Economists, of late, have had a tough time predicting India’s GDP growth trajectory. Just when the market was expecting growth to recover post-demonetisation, GDP growth print for Q1FY18 slid below market expectations to 5.7%. This is the lowest quarterly growth in the last three years. Along with this low growth print, two other things warrant attention. In H1-2017, nominal merchandise imports growing by 28%, and the rupee appreciating by over 4% against the US dollar.
First, the GDP numbers. The Q1FY18 growth number of 5.7% definitely reflects a considerable slowdown in economic activity. Industrial growth is at a five-year low, investment activity has failed to pick up, and export growth remains tepid. Services, however, have been buoyant, registering a strong growth of 8.7%, primarily led by trade, hotels, transportation and communication services. Slowdown has been attributed to de-stocking of inventory in the run up to GST and aftermath of demonetisation. IIP and PMI numbers, too, have remained weak. Growth for the first two quarters of 2017 stands at 5.9%.
This brings us to our second observation—the surge in merchandise imports in H1-2017. Major import items that have surged in the first half of 2017 are gold and precious stones, electronic goods, crude and petroleum products, and ores and minerals. However, growth in capital goods imports like machinery and transport equipment has been benign due to weak domestic investment activity. Gold imports surged 121% in H1-2017, accounting for 10% of overall imports in this period. This may be a result of inventory build-up by the jewellers ahead of the GST roll-out. Another possible explanation for this could be that consumers are moving away from bank deposits and real estate towards gold amidst macroeconomic uncertainty. Crude oil imports went up by 42%, making for around 23% of overall imports. Coal and coke imports also surged 60%, accounting for almost 5% of overall imports. Even without including oil, coal, gold, precious stones and capital goods, imports are up 15% in H1-2017, reflecting a broad-based pick-up in imports. This number was 21% in Q1FY18.
Third, the rupee over the same period has appreciated by over 4%. Most of the appreciation of the rupee has been attributed to the dollar’s weakness.
So, how does all of this link up? Recall that GDP is computed using the formula (GDP=C+I+G+X-M), where C stands for (consumption), I (investment), G (government expenditure), X (exports) and M (imports). From the demand side, GDP is defined as the expenditure on domestically-produced goods and services by households, government and private enterprises, including exports. Thus, expenditure on imported goods and services (M) needs to be subtracted to compute GDP.
The demand-side data throws up some interesting observations. In terms of contribution to real GDP growth, while private and government consumption together contributed to over 95% of the growth, the biggest drag to GDP has come from import of goods and services (shaving off 2.8 percentage points). Imports (real terms) increased by 13.4% in Q1FY18, compared to a tepid export growth of 1.2%, and at the same time consumption expenditure grew at a decent pace of 8.5%. Imports excluding gold and precious stones accounted for almost 20% of the total consumption in Q1FY18, as compared to 18% a year ago.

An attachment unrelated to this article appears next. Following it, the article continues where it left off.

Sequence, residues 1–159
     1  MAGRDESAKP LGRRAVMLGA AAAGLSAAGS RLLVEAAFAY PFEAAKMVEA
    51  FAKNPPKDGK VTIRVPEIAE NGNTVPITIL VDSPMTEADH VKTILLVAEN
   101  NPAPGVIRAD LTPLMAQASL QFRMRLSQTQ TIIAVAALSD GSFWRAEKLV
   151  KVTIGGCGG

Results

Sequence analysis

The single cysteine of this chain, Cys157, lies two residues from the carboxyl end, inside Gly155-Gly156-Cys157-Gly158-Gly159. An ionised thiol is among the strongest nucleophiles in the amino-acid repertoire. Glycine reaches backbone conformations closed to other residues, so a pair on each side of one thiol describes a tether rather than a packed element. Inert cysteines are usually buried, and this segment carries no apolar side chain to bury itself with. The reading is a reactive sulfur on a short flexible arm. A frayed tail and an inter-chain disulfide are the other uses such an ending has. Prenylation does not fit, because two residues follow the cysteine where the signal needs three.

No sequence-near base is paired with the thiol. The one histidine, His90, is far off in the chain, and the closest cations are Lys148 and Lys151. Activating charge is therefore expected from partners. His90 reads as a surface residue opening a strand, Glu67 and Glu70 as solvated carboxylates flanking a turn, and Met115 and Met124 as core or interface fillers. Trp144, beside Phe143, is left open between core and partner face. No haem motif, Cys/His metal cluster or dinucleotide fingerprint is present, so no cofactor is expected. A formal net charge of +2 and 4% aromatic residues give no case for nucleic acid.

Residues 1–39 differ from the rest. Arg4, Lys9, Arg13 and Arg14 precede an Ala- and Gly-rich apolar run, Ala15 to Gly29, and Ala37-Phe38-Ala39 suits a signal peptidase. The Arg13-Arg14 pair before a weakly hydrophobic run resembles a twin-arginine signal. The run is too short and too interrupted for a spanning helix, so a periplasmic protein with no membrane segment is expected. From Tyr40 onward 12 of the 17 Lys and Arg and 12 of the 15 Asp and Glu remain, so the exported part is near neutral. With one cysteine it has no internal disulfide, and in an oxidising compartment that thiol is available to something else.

This is worrying because it reflects imported goods being substituted for domestically-produced goods amidst weak domestic industrial activity. Based on historical data, we see a strong correlation between import growth and rupee appreciation. A 4% appreciation in the rupee-dollar rate has led to a surge in nominal merchandise imports by 28% in H1-2017.
Increase in imports could also reflect the overhang of demonetisation. With domestic supply chains rendered broken, firms might have found it easier and cheaper to import goods rather than produce them. Strong import growth is not bad per se when accompanied by robust domestic economic activity. However, when domestic activity remains weak and the manufacturing industry is witnessing a slowdown, it warrants the attention of policy-makers as this means that domestic demand is not being met by domestic production—so much for Make-in-India!
Is this to say that the appreciation of the rupee is hurting growth? The real underlying issue is that India’s growth has been lopsided driven by government and private spending. Private sector investment hasn’t recovered in a sustainable manner for the past two years. Jump-starting the economy through financing growth is also not possible when banks are burdened with NPAs.
According to the latest RBI business expectation survey, businesses face weak pricing power amidst increased input prices and weak demand. The situation is expected to continue in Q2FY18. Overall expectations for Q2FY18 remain weak, lower than Q1FY18. A majority of the respondents don’t expect much of a change in their capacity utilisation. The viscous cycle continues with no broad-based recovery in sight.
On investment side, corporate balance sheets are stressed and fresh investments are not being undertaken. Private investment cycle has failed to pick up despite efforts by the government and rate cuts by RBI. Gross fixed capital formation, as a percentage of GDP, has been declining since 2011—falling from 34.3% in FY12 to 29.5% in FY17—which is worrisome.
The first step towards solving a problem is to acknowledge the real issue. It’s time for some reality check on achhe din!